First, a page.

In 1922, Dr. Halliday G. Sutherland wrote Birth Control: A Statement of Christian Doctrine Against the Neo-Malthusians. In it he referred to Stopes as “a doctor of German philosophy.” One of his chapters discussed how Stopes’s clinic was exposing the poor to experiments which implied that something unseemly was occurring at her family planning clinic.
Stopes believed Sutherland was trying to undermine her because she was not a medical doctor and given it was so soon after World War I stir up anti-German sentiment. She brought a writ for libel against him. She won the first round, but during a second trial Sunderland won. Allegedly, he had been financed by the Catholic church.
In 1923, Stopes published Contraception: Its Theory, History, and Practice. It was the most comprehensive treatment of the subject. In the following year, she gave birth to her second child, Harry Verdon Stopes-Roe, on March 27, 1924. Her first child in 1919, a boy, had been stillborn.
In 1925 she moved the Mothers’ Clinic to Central London. She built small networks of clinics and worked to fund them. Other birth control societies were formed. In 1930, several societies merged and the Family Planning Association (FPA)was formed.
Stopes divided her activities between science and humanitarian endeavors. After her second child, she was advised not to have any more children. Convinced her son needed a companion, she advertised for one. She was accused of“micromanaging her son’s life. Over the years, her son rebelled and stood up to her.
Stopes wrote eight books between the years 1918 to 1928. They were controversial publications on sex and birth control. She was a member of the Eugenics Society and believed that eugenics was an extension of mother love. Her book Radiant Motherhood best reflects this opinion. Stopes wrote poems and plays. Her first major success was Our Ostriches, a play that dealt with society’s approach to working class women being forced to produce babies throughout their lives.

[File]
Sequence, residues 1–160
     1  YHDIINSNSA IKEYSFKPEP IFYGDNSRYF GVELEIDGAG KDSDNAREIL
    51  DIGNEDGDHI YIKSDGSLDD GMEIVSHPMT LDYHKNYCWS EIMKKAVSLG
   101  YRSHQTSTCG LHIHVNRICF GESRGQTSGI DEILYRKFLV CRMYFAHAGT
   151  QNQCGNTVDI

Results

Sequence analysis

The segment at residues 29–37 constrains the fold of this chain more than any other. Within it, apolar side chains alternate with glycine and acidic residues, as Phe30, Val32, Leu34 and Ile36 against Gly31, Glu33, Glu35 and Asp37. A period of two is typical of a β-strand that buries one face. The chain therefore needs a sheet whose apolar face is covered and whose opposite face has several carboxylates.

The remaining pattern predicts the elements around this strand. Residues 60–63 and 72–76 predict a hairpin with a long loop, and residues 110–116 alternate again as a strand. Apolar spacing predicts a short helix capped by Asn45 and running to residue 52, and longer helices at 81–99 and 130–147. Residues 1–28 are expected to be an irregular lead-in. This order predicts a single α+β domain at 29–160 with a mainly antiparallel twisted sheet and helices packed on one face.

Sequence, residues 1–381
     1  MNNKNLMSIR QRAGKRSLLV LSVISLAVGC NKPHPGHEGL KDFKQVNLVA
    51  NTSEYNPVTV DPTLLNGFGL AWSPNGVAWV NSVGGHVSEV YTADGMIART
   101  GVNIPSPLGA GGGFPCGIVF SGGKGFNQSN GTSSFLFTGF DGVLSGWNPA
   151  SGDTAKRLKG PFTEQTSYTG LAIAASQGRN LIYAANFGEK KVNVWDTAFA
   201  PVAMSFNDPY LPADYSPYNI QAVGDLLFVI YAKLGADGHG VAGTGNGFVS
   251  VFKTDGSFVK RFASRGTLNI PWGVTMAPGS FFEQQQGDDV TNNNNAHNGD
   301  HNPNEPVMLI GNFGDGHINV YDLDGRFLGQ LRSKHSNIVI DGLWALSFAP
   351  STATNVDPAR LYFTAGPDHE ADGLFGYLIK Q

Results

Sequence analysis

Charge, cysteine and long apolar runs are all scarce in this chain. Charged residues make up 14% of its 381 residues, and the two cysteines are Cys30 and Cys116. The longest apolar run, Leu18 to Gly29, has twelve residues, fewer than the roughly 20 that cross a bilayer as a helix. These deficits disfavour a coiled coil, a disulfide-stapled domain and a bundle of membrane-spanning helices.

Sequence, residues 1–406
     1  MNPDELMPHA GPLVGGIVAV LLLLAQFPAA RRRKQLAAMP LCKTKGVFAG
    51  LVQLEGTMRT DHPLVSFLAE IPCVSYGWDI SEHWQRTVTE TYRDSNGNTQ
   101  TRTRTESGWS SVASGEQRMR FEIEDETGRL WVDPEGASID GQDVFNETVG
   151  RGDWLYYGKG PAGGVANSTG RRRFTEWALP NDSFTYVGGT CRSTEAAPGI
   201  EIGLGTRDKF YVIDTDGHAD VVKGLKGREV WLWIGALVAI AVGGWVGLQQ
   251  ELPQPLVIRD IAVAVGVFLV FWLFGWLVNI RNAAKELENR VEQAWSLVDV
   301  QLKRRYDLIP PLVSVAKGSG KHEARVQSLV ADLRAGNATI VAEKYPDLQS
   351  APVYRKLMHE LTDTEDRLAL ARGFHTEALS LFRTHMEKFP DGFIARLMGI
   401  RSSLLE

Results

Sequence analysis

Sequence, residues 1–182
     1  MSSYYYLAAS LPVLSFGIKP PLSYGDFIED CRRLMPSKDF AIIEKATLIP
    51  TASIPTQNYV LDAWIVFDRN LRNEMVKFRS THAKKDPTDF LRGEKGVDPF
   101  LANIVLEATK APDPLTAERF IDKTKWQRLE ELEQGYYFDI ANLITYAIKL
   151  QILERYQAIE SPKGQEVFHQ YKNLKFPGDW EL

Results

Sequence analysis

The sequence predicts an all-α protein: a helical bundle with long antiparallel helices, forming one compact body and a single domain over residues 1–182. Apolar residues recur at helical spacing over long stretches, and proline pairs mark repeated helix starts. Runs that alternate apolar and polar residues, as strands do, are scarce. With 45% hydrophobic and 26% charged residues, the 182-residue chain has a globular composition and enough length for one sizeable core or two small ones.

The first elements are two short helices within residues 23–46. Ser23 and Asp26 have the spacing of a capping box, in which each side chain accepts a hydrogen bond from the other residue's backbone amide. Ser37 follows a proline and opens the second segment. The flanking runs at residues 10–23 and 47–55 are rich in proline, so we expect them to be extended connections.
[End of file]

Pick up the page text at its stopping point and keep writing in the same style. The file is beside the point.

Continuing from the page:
Stopes was a staunch activist. She thrived on adversity and relished being controversial. As time went on her inability to accept criticism and her defensiveness alienated her friends and valuable allies.
4. The Legacy
Samuel Butler wrote, “Academic and aristocratic people live in such an uncommon atmosphere that common sense can rarely reach them.”
Marie Stopes was academically brilliant, but when one reviews her personal life, one is struck by what seems to be a certain naivete coupled with arrogance, e.g., her first marriage was annulled because of ‘non-consummation’ after five years and her second marriage failed as a result of her forceful personality.
There was no divorce, but her husband signed an agreement that gave her permission to take on lovers. Stopes was a dedicated feminist with superb academic credentials. Her apparent ignorance regarding the facts of human sexuality even in the early twentieth century is surprising, but Stopes should be given credit, because she sought legal help on her own and got her marriage annulled.
Stopes’s life is riddled with lax in judgment. In 1928 a physician friend described her as suffering from paranoia and megalomania. However, her contributions as a feminist and a scientist should not be dismissed.
Stopes was not a trained psychologist, but her books Married Love and Wise Parenthood proved to be useful, albeit there was a long philosophical struggle with the Church of England. Today, her clinics, Marie Stopes International, are worldwide and provide a valuable service.
Stopes was hard-nosed and never forgave her son for marrying a woman she thought was beneath him. Ironically, when she died on October 5, 1958, it was her son and her current lover who scattered her ashes from a cliff into the sea.